Unlike many other cultures, the Dark Elves lack a centralized government. Societal etiquette govern the standard for how certain crimes and disagreements should be handled, but each family unit acts as its own governing body. Disagreements within families are thus resolved internally. Inter-family disputes are resolved in multiple different ways. Most often, the two matrons of the family will meet and agree on terms to fairly compensate both sides. In cases when these talks deteriorate, the High Priestess of Lolth is often called to serve as the mediator and serves as the ruling body between disputes. Her rulings are final and indisputable, as she is considered the mouthpiece of Lolth’s will. In times of crisis, historically the many houses of the Dark Elves have convened to discuss threats to all of Dark Elven society. This is uncommon as it’s difficult logistically to gather all the matrons in the same place at the same time, so often houses are represented by either the second eldest woman of the family or the eldest daughter of the matron. The High Priestess of Lolth often resides over these meetings as an arbiter in the event of split decisions or in delivering guidance from Lolth herself. There's my take on the Dark Elves. Any comments, suggestions, questions, outrages, and critiques are welcomed. This is my first comprehensive look at a whole race so if I've missed things, I'll try and patch them up. I'd like to do similar things for Orcs, Goblinoids, Kobolds, and others so those might be seen soon. Thanks!
Everything You Always Wanted To Know About Swaps* (*But Were Afraid To Ask)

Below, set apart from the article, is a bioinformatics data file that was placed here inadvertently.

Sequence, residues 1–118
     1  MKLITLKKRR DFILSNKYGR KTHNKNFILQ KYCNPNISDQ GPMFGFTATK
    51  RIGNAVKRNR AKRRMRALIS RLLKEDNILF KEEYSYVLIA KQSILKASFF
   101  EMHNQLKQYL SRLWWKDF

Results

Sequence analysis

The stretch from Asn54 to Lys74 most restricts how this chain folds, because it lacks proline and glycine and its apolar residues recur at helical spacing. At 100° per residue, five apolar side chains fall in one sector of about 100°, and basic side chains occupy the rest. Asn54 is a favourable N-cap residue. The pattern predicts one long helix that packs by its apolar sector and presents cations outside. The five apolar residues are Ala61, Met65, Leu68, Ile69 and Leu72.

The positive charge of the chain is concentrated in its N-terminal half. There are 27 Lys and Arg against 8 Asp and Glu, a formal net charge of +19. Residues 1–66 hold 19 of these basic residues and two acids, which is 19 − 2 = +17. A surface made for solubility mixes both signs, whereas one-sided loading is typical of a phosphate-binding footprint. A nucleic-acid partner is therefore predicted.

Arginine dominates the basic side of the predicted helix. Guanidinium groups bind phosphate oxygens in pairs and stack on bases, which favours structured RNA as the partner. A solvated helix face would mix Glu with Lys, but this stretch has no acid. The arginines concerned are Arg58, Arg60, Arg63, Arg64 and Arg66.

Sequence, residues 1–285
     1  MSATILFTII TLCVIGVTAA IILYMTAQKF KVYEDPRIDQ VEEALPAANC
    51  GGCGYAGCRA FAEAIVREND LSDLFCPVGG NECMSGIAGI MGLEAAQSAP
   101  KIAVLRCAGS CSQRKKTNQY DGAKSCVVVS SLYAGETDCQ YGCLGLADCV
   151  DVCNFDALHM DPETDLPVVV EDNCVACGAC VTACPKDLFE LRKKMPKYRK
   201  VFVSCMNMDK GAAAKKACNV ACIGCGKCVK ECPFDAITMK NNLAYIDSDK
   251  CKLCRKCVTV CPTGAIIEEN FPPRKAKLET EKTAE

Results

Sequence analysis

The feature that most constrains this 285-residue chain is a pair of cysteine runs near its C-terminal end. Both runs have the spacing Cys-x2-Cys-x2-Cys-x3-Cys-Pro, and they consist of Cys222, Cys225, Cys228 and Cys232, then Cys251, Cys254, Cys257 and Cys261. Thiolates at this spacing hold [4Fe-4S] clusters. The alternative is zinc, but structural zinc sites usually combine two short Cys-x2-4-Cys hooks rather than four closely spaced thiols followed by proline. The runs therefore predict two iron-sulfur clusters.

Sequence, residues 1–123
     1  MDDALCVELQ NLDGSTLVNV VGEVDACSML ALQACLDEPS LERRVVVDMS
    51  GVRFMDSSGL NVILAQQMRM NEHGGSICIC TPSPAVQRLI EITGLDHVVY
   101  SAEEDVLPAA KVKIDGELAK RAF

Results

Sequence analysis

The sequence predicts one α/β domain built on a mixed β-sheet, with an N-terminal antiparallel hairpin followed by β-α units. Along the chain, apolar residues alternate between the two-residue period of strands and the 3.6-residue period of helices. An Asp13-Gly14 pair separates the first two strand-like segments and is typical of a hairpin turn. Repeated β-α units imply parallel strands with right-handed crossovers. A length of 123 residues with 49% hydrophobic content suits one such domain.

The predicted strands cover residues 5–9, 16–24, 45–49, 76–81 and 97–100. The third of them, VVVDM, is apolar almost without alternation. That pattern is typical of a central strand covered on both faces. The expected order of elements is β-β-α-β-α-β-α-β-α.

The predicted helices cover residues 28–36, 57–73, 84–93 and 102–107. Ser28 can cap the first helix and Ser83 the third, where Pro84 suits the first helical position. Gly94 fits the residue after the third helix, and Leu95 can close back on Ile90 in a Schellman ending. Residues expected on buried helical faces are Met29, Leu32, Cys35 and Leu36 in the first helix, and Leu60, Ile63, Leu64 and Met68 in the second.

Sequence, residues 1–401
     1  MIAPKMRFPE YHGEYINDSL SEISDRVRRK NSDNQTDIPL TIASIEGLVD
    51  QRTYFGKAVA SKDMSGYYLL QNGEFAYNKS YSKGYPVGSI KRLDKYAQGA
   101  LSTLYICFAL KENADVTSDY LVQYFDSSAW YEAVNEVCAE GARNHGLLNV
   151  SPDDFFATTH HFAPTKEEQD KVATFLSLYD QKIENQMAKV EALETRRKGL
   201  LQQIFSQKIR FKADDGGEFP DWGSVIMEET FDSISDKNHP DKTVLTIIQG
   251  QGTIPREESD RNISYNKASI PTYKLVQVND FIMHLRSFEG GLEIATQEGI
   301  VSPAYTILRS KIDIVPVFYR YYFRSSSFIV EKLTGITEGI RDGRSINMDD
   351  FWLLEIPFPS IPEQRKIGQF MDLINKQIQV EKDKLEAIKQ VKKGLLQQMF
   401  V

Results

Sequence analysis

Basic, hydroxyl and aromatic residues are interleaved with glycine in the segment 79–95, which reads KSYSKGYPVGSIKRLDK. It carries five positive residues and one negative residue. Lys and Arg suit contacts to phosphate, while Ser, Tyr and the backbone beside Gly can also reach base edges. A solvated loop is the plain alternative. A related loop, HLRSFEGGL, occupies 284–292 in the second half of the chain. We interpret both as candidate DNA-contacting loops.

Hello, dummies It's your old pal, Fuzzy. As I'm sure you've all noticed, a lot of the stuff that gets posted here is - to put it delicately - fucking ridiculous. More backwards-ass shit gets posted to wallstreetbets than you'd see on a Westboro Baptist community message board. I mean, I had a look at the daily thread yesterday and..... yeesh. I know, I know. We all make like the divine Laura Dern circa 1992 on the daily and stick our hands deep into this steaming heap of shit to find the nuggets of valuable and/or hilarious information within (thanks for reading, BTW). I agree. I love it just the way it is too. That's what makes WSB great. What I'm getting at is that a lot of the stuff that gets posted here - notwithstanding it being funny or interesting - is just... wrong. Like, fucking your cousin wrong. And to be clear, I mean the fucking your *first* cousin kinda wrong, before my Southerners in the back get all het up (simmer down, Billy Ray - I know Mabel's twice removed on your grand-sister's side). Truly, I try to let it slide. Idomybit to try and put you on the right path. Most of the time, I sleep easy no matter how badly I've seen someone explain what a bank liquidity crisis is. But out of all of those tens of thousands of misguided, autistic attempts at understanding the world of high finance, one thing gets so consistently - so *emphatically* - fucked up and misunderstood by you retards that last night I felt obligated at the end of a long work day to pull together this edition of Finance with Fuzzy just for you. It's so serious I'm not even going to make a u/pokimane gag. Have you guessed what it is yet? Here's a clue. It's in the title of the post. That's right, friends. Today in the neighborhood we're going to talk all about hedging in financial markets - spots, swaps, collars, forwards, CDS, synthetic CDOs, all that fun shit. Don't worry; I'm going to explain what all the scary words mean and how they impact your OTM RH positions along the way. We're going to break it down like this. (1) "What's a hedge, Fuzzy?" (2) Common Hedging Strategies and (3) All About ISDAs and Credit Default Swaps. Before we begin. For the nerds and JV traders in the back (and anyone else who needs to hear this up front) - I am simplifying these descriptions for the purposes of this post. I am also obviously not going to try and cover every exotic form of hedge under the sun or give a detailed summation of what caused the financial crisis. If you are interested in something specific ask a question, but don't try and impress me with your Investopedia skills or technical points I didn't cover; I will just be forced to flex my years of IRL experience on you in the comments and you'll look like a big dummy. TL;DR? Fuck you. There is no TL;DR. You've come this far already. What's a few more paragraphs? Put down the Cheetos and try to concentrate for the next 5-7 minutes. You'll learn something, and I promise I'll be gentle. Ready? Let's get started. 1.The Tao of Risk: Hedging as a Way of Life The simplest way to characterize what a hedge 'is' is to imagine every action having a binary outcome. One is bad, one is good. Red lines, green lines; uppie, downie. With me so far? Good. A 'hedge' is simply the employment of a strategy to mitigate the effect of your action having the wrong binary outcome. You wanted X, but you got Z! Frowny face. A hedge strategy introduces a third outcome. If you hedged against the possibility of Z happening, then you can wind up with Y instead. Not as good as X, but not as bad as Z. The technical definition I like to give my idiot juniors is as follows: Utilization of a defensive strategy to mitigate risk, at a fraction of the cost to capital of the risk itself. Congratulations. You just finished Hedging 101. "But Fuzzy, that's easy! I just sold a naked call against my 95% OTM put! I'm adequately hedged!". Spoiler alert: you're not (although good work on executing a collar, which I describe below). What I'm talking about here is what would be referred to as a 'perfect hedge'; a binary outcome where downside is totally mitigated by a risk management strategy. That's not how it works IRL. Pay attention; this is the tricky part. You can't take a single position and conclude that you're adequately hedged because risks are fluid, not static. So you need to constantly adjust your position in order to maximize the value of the hedge and insure your position. You also need to consider exposure to more than one category of risk. There are micro (specific exposure) risks, and macro (trend exposure) risks, and both need to factor into the hedge calculus. That's why, in the real world, the value of hedging depends entirely on the design of the hedging strategy itself. Here, when we say "value" of the hedge, we're not talking about cash money - we're talking about the intrinsic value of the hedge relative to the the risk profile of your underlying exposure. To achieve this, people hedge dynamically. In wallstreetbets terms, this means that as the value of your position changes, you need to change your hedges too. The idea is to efficiently and continuously distribute and rebalance risk across different states and periods, taking value from states in which the marginal cost of the hedge is low and putting it back into states where marginal cost of the hedge is high, until the shadow value of your underlying exposure is equalized across your positions. The punchline, I guess, is that one static position is a hedge in the same way that the finger paintings you make for your wife's boyfriend are art - it's technically correct, but you're only playing yourself by believing it. Anyway. Obviously doing this as a small potatoes trader is hard but it's worth taking into account. Enough basic shit. So how does this work in markets? 2. A Hedging Taxonomy The best place to start here is a practical question. What does a business need to hedge against? Think about the specific risk that an individual business faces. These are legion, so I'm just going to list a few of the key ones that apply to most corporates. (1) You have commodity risk for the shit you buy or the shit you use. (2) You have currency risk for the money you borrow. (3) You have rate risk on the debt you carry. (4) You have offtake risk for the shit you sell. Complicated, right? To help address the many and varied ways that shit can go wrong in a sophisticated market, smart operators like yours truly have devised a whole bundle of different instruments which can help you manage the risk. I might write about some of the more complicated ones in a later post if people are interested (CDO/CLOs, strip/stack hedges and bond swaps with option toggles come to mind) but let's stick to the basics for now. (i) Swaps A swap is one of the most common forms of hedge instrument, and they're used by pretty much everyone that can afford them. The language is complicated but the concept isn't, so pay attention and you'll be fine. This is the most important part of this section so it'll be the longest one. Swaps are derivative contracts with two counterparties (before you ask, you can't trade 'em on an exchange - they're OTC instruments only). They're used to exchange one cash flow for another cash flow of equal expected value; doing this allows you to take speculative positions on certain financial prices or to alter the cash flows of existing assets or liabilities within a business. "Wait, Fuzz; slow down! What do you mean sets of cash flows?". Fear not, little autist. Ol' Fuzz has you covered. The cash flows I'm talking about are referred to in swap-land as 'legs'. One leg is fixed - a set payment that's the same every time it gets paid - and the other is variable - it fluctuates (typically indexed off the price of the underlying risk that you are speculating on / protecting against). You set it up at the start so that they're notionally equal and the two legs net off; so at open, the swap is a zero NPV instrument. Here's where the fun starts. If the price that you based the variable leg of the swap on changes, the value of the swap will shift; the party on the wrong side of the move ponies up via the variable payment. It's a zero sum game. I'll give you an example using the most vanilla swap around; an interest rate trade. Here's how it works. You borrow money from a bank, and they charge you a rate of interest. You lock the rate up front, because you're smart like that. But then - quelle surprise! - the rate gets better after you borrow. Now you're bagholding to the tune of, I don't know, 5 bps. Doesn't sound like much but on a billion dollar loan that's a lot of money (a classic example of the kind of 'small, deep hole' that's terrible for profits). Now, if you had a swap contract on the rate before you entered the trade, you're set; if the rate goes down, you get a payment under the swap. If it goes up, whatever payment you're making to the bank is netted off by the fact that you're borrowing at a sub-market rate. Win-win! Or, at least, Lose Less / Lose Less. That's the name of the game in hedging. There are many different kinds of swaps, some of which are pretty exotic; but they're all different variations on the same theme. If your business has exposure to something which fluctuates in price, you trade swaps to hedge against the fluctuation. The valuation of swaps is also super interesting but I guarantee you that 99% of you won't understand it so I'm not going to try and explain it here although I encourage you to google it if you're interested. Because they're OTC, none of them are filed publicly. Someeeeeetimes you see an ISDA (dsicussed below) but the confirms themselves (the individual swaps) are not filed. You can usually read about the hedging strategy in a 10-K, though. For what it's worth, most modern credit agreements ban speculative hedging. Top tip: This is occasionally something worth checking in credit agreements when you invest in businesses that are debt issuers - being able to do this increases the risk profile significantly and is particularly important in times of economic volatility (ctrl+f "non-speculative" in the credit agreement to be sure). (ii) Forwards A forward is a contract made today for the future delivery of an asset at a pre-agreed price. That's it. "But Fuzzy! That sounds just like a futures contract!". I know. Confusing, right? Just like a futures trade, forwards are generally used in commodity or forex land to protect against price fluctuations. The differences between forwards and futures are small but significant. I'm not going to go into super boring detail because I don't think many of you are commodities traders but it is still an important thing to understand even if you're just an RH jockey, so stick with me. Just like swaps, forwards are OTC contracts - they're not publicly traded. This is distinct from futures, which are traded on exchanges (see The Ballad Of Big Dick Vick for some more color on this). In a forward, no money changes hands until the maturity date of the contract when delivery and receipt are carried out; price and quantity are locked in from day 1. As you now know having read about BDV, futures are marked to market daily, and normally people close them out with synthetic settlement using an inverse position. They're also liquid, and that makes them easier to unwind or close out in case shit goes sideways. People use forwards when they absolutely have to get rid of the thing they made (or take delivery of the thing they need). If you're a miner, or a farmer, you use this shit to make sure that at the end of the production cycle, you can get rid of the shit you made (and you won't get fucked by someone taking cash settlement over delivery). If you're a buyer, you use them to guarantee that you'll get whatever the shit is that you'll need at a price agreed in advance. Because they're OTC, you can also exactly tailor them to the requirements of your particular circumstances. These contracts are incredibly byzantine (and there are even crazier synthetic forwards you can see in money markets for the true degenerate fund managers). In my experience, only Texan oilfield magnates, commodities traders, and the weirdo forex crowd fuck with them. I (i) do not own a 10 gallon hat or a novelty size belt buckle (ii) do not wake up in the middle of the night freaking out about the price of pork fat and (iii) love greenbacks too much to care about other countries' monopoly money, so I don't fuck with them. (iii) Collars No, not the kind your wife is encouraging you to wear try out to 'spice things up' in the bedroom during quarantine. Collars are actually the hedging strategy most applicable to WSB. Collars deal with options! Hooray! To execute a basic collar (also called a wrapper by tea-drinking Brits and people from the Antipodes), you buy an out of the money put while simultaneously writing a covered call on the same equity. The put protects your position against price drops and writing the call produces income that offsets the put premium. Doing this limits your tendies (you can only profit up to the strike price of the call) but also writes down your risk. If you screen large volume trades with a VOL/OI of more than 3 or 4x (and they're not bullshit biotech stocks), you can sometimes see these being constructed in real time as hedge funds protect themselves on their shorts. (3) All About ISDAs, CDS and Synthetic CDOs You may have heard about the mythical ISDA. Much like an indenture (discussed in my post on $F), it's a magic legal machine that lets you build swaps via trade confirms with a willing counterparty. They are very complicated legal documents and you need to be a true expert to fuck with them. Fortunately, I am, so I do. They're made of two parts; a Master (which is a form agreement that's always the same) and a Schedule (which amends the Master to include your specific terms). They are also the engine behind just about every major credit crunch of the last 10+ years. First - a brief explainer. An ISDA is a not in and of itself a hedge - it's an umbrella contract that governs the terms of your swaps, which you use to construct your hedge position. You can trade commodities, forex, rates, whatever, all under the same ISDA. Let me explain. Remember when we talked about swaps? Right. So. You can trade swaps on just about anything. In the late 90s and early 2000s, people had the smart idea of using other people's debt and or credit ratings as the variable leg of swap documentation. These are called credit default swaps. I was actually starting out at a bank during this time and, I gotta tell you, the only thing I can compare people's enthusiasm for this shit to was that moment in your early teens when you discover jerking off. Except, unlike your bathroom bound shame sessions to Mom's Sears catalogue, every single person you know felt that way too; and they're all doing it at once. It was a fiscal circlejerk of epic proportions, and the financial crisis was the inevitable bukkake finish. WSB autism is absolutely no comparison for the enthusiasm people had during this time for lighting each other's money on fire. Here's how it works. You pick a company. Any company. Maybe even your own! And then you write a swap. In the swap, you define "Credit Event" with respect to that company's debt as the variable leg . And you write in... whatever you want. A ratings downgrade, default under the docs, failure to meet a leverage ratio or FCCR for a certain testing period... whatever. Now, this started out as a hedge position, just like we discussed above. The purest of intentions, of course. But then people realized - if bad shit happens, you make money. And banks... don't like calling in loans or forcing bankruptcies. Can you smell what the moral hazard is cooking? Enter synthetic CDOs. CDOs are basically pools of asset backed securities that invest in debt (loans or bonds). They've been around for a minute but they got famous in the 2000s because a shitload of them containing subprime mortgage debt went belly up in 2008. This got a lot of publicity because a lot of sad looking rednecks got foreclosed on and were interviewed on CNBC. "OH!", the people cried. "Look at those big bad bankers buying up subprime loans! They caused this!". Wrong answer, America. The debt wasn't the problem. What a lot of people don't realize is that the real meat of the problem was not in regular way CDOs investing in bundles of shit mortgage debts in synthetic CDOs investing in CDS predicated on that debt. They're synthetic because they don't have a stake in the actual underlying debt; just the instruments riding on the coattails. The reason these are so popular (and remain so) is that smart structured attorneys and bankers like your faithful correspondent realized that an even more profitable and efficient way of building high yield products with limited downside was investing in instruments that profit from failure of debt and in instruments that rely on that debt and then hedging that exposure with other CDS instruments in paired trades, and on and on up the chain. The problem with doing this was that everyone wound up exposed to everybody else's books as a result, and when one went tits up, everybody did. Hence, recession, Basel III, etc. Thanks, Obama. Heavy investment in CDS can also have a warping effect on the price of debt (something else that happened during the pre-financial crisis years and is starting to happen again now). This happens in three different ways. (1) Investors who previously were long on the debt hedge their position by selling CDS protection on the underlying, putting downward pressure on the debt price. (2) Investors who previously shorted the debt switch to buying CDS protection because the relatively illiquid debt (partic. when its a bond) trades at a discount below par compared to the CDS. The resulting reduction in short selling puts upward pressure on the bond price. (3) The delta in price and actual value of the debt tempts some investors to become NBTs (neg basis traders) who long the debt and purchase CDS protection. If traders can't take leverage, nothing happens to the price of the debt. If basis traders can take leverage (which is nearly always the case because they're holding a hedged position), they can push up or depress the debt price, goosing swap premiums etc. Anyway. Enough technical details. I could keep going. This is a fascinating topic that is very poorly understood and explained, mainly because the people that caused it all still work on the street and use the same tactics today (it's also terribly taught at business schools because none of the teachers were actually around to see how this played out live). But it relates to the topic of today's lesson, so I thought I'd include it here. Work depending, I'll be back next week with a covenant breakdown. Most upvoted ticker gets the post. *EDIT 1\* In a total blowout, $PLAY won. So it's D&B time next week. Post will drop Monday at market open.